The pro-Russian opposition will try to field more pseudo-pro-European candidates, backed by illegal funds, to force a second round of presidential elections. In this way, they will try to undermine the image of the current head of state, who plays the role of electoral locomotive for the main pro-European political force, PAS, in any electoral exercise.

The biggest stake of these pro-Russian forces is the parliamentary elections of 2025, when they will try to change the composition of the Parliament through elections. The authorities in Chisinau must adopt as quickly as possible legislative measures aimed at limiting the possibility of illegal financing of elections and parties, both inside and outside the Republic of Moldova.

How much will the stability of Moldova depend on the war in Ukraine in 2024?

The developments on the fronts in Ukraine will decisively influence the internal and external political situation of the Republic of Moldova. If the Russian military forces approach the Transnistrian region, the separatist regime will intensify pressure against Chisinau for political and economic concessions. Also, other regions such as Gagauzia and Taraclia will be the scene of unconstitutional actions.

If the Russian army manages to achieve some victories on the front in Ukraine, the anti-constitutional forces, supported by elements of the criminal world, will intensify the street protests directed against the ruling party. Any day won by Ukraine's resistance to the illegal Russian military invasion must be used by Chisinau to win its own war for the reforms necessary for integration into the European Union and the improvement of the quality of life of the Moldovan citizens.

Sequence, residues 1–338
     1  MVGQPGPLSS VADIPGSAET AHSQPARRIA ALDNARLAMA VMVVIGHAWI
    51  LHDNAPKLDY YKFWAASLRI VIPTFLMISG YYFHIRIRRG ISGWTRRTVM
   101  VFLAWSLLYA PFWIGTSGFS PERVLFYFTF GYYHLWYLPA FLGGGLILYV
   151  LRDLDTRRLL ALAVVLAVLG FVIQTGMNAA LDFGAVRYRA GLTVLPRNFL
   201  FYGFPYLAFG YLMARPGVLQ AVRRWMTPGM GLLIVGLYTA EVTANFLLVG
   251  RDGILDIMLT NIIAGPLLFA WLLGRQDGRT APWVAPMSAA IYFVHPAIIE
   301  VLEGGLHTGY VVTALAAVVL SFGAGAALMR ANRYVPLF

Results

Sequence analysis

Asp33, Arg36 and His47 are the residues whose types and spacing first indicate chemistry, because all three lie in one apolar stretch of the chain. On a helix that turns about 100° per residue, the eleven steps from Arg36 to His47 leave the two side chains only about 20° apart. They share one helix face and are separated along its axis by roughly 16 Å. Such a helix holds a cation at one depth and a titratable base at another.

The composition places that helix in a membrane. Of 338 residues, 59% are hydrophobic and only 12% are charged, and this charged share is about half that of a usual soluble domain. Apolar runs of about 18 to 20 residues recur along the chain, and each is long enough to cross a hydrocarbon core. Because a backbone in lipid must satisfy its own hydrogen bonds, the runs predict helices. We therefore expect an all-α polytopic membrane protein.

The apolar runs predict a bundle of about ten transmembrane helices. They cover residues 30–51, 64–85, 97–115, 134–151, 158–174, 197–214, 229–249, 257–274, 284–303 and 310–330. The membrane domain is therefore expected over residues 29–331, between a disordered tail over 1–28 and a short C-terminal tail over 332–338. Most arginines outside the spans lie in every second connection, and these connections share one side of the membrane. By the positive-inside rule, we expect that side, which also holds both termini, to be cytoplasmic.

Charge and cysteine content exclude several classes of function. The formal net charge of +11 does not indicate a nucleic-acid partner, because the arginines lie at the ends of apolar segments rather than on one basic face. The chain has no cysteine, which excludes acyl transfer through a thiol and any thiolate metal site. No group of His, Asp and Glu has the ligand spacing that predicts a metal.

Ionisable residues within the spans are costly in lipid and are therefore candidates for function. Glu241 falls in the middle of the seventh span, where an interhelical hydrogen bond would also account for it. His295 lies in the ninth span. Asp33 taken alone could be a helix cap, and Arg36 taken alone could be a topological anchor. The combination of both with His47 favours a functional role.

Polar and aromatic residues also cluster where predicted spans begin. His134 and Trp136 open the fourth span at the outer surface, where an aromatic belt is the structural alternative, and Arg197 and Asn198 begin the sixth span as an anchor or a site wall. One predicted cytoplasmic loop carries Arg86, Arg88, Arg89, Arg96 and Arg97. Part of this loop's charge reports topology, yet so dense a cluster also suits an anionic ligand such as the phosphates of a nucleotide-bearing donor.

Priorities in the economy

Adrian Lupusor, executive director of Expert-Grup

What should Moldova do in terms of economic reforms in 2024? What should be its priorities?

There are three main priorities. First, let's start with supporting the development of small and medium-sized enterprises by facilitating their access to financial resources and by stimulating the technologisation of companies. Then, supporting them in accessing the European market. There is also a need to support the integration of small and medium-sized companies into value chains and their integration with larger investors.

There is a need to stimulate fair competition in all economic sectors. For this we also need a functioning Competition Council. This is the first block of measures - the development of small and medium enterprises through the lens of strengthening the organizations for the entrepreneurship development and the liberalization of economic sectors.

The second block refers to the state enterprises. Here we need to improve the corporate governance, increase the transparency of companies, professionalize the boards of directors and prepare the state companies that compete with the private sector - either through full or partial privatization or issue of shares. This would also allow for the boosting of the stock market.